Mrs. Kerry traced its origins to conversations she had with Marvin Odum, president of Shell Oil, about finding a “transparent way” to develop the resources of the Marcellus Shale.
“We feared the cowboys would take over or there would be no responsible mechanism, no transparency, to do it right. … We decided to collaborate with the environmental and public health people. That’s what I absolutely sanctioned and brought to the endowments,” she said.
[MDN: Interesting that Heinz Kerry kind of takes credit for the founding of the CSSD, but apparently it went far beyond what she wanted. The CSSD has too many “cowboys” for Kerry.]
Asked how that initial idea to collaborate evolved into the center without her or the board’s knowledge, Mrs. Kerry said, “I don’t know. Things changed. I don’t know how or when.”
While she acknowledged approving initial funding for “a collaboration,” the board did not authorize the center, she said.
[MDN: Mamma Teresa didn’t officially bless the CSSD, and so Bobby & the rest had to go.]
She said that while she was hospitalized last summer after suffering a seizure, “Maybe I wasn’t functioning well.”
[MDN: We’ll withhold comment on that statement.]
Some foundation observers have speculated that while she was ill, Andre Heinz, known to be an avid environmentalist, assumed more control of foundation affairs and was involved in firing the staff members.
Mrs. Kerry said Andre Heinz did fill in for her during at least one foundation meeting, though it was not a board meeting. She said he has been “attacked because he is an idealist.”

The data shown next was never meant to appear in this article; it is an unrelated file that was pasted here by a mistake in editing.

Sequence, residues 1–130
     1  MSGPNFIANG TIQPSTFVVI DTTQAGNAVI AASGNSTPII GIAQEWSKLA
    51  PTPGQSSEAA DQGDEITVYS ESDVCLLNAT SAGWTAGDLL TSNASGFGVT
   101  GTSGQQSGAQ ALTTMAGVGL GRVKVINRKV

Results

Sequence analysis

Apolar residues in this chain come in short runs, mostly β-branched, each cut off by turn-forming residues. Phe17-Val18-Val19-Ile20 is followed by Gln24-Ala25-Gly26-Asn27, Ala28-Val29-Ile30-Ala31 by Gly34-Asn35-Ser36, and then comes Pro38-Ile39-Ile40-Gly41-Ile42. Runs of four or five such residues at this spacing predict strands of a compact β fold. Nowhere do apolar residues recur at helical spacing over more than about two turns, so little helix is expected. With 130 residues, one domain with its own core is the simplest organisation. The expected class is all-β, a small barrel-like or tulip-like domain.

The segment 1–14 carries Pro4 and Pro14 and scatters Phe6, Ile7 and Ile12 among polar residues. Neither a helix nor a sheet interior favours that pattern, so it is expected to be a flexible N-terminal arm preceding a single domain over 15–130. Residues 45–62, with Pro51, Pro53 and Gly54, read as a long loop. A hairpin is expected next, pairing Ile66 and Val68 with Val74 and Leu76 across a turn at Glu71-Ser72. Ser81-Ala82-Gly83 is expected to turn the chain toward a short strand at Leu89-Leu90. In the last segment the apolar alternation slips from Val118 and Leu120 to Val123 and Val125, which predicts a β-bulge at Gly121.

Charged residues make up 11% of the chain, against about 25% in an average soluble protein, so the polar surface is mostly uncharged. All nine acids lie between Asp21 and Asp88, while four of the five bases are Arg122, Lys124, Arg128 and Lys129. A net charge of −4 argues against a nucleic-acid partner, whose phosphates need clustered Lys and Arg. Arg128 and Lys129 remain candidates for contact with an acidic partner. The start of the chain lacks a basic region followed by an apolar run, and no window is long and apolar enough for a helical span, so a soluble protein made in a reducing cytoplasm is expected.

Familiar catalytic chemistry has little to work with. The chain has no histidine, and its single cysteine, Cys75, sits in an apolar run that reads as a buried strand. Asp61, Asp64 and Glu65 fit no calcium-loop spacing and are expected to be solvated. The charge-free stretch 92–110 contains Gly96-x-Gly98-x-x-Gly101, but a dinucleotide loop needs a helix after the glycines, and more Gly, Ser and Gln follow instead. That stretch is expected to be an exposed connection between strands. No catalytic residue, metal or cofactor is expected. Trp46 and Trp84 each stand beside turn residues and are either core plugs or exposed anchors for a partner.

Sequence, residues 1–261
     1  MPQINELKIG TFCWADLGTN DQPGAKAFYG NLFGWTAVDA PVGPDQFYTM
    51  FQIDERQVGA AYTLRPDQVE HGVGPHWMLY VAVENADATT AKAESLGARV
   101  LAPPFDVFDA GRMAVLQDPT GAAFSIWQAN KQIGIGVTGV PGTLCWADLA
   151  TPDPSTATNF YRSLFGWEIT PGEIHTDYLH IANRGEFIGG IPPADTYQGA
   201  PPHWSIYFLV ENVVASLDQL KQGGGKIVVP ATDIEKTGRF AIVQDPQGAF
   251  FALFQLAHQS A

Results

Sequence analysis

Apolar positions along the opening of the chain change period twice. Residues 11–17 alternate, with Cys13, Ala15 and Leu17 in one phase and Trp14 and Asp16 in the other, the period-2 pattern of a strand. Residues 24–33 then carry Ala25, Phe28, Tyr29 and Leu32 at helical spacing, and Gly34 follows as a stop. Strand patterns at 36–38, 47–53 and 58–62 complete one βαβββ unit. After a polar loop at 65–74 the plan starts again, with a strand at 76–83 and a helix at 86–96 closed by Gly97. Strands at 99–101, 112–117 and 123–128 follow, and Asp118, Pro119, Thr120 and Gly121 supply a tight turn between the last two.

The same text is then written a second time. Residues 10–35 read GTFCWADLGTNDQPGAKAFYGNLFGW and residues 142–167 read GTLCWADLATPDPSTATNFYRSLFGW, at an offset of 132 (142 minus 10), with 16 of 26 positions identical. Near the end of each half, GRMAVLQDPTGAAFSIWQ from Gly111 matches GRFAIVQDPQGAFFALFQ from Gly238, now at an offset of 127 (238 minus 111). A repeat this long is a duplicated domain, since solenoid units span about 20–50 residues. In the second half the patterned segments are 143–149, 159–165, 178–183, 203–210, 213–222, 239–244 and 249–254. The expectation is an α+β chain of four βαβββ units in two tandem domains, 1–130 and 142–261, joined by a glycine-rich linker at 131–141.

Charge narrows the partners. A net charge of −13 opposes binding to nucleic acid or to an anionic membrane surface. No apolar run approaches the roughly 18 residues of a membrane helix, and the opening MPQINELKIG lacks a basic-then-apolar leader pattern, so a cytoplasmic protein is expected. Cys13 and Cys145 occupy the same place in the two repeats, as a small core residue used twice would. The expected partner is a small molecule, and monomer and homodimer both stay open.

“He is one of the brightest people there are and is passionate like his father and doesn’t put up with nonsense. … It’s probably an easy way for people … to criticize what they don’t like. And I don’t care, quite frankly.”
[MDN: Translation: We have more money than God. Screw you. We’ll do what we want, like we always have, we always will–our money will see to that. Oh, and don’t pick on my kid, or else.]
Asked whether Andre Heinz might succeed her as the endowments’ chair, Mrs. Kerry, 75, said, “He’s not being groomed.”
[MDN: Translation: Andre has a good heart, but he’s not the brightest bulb in the pack.]
“They’re all there … and they’re very good people,” she said referring to all three of her sons. “Andre is very capable and verbal” while John and Christopher each have their own strengths and capabilities, she said. “How they’ll manage [the transition], we’ll work on that.”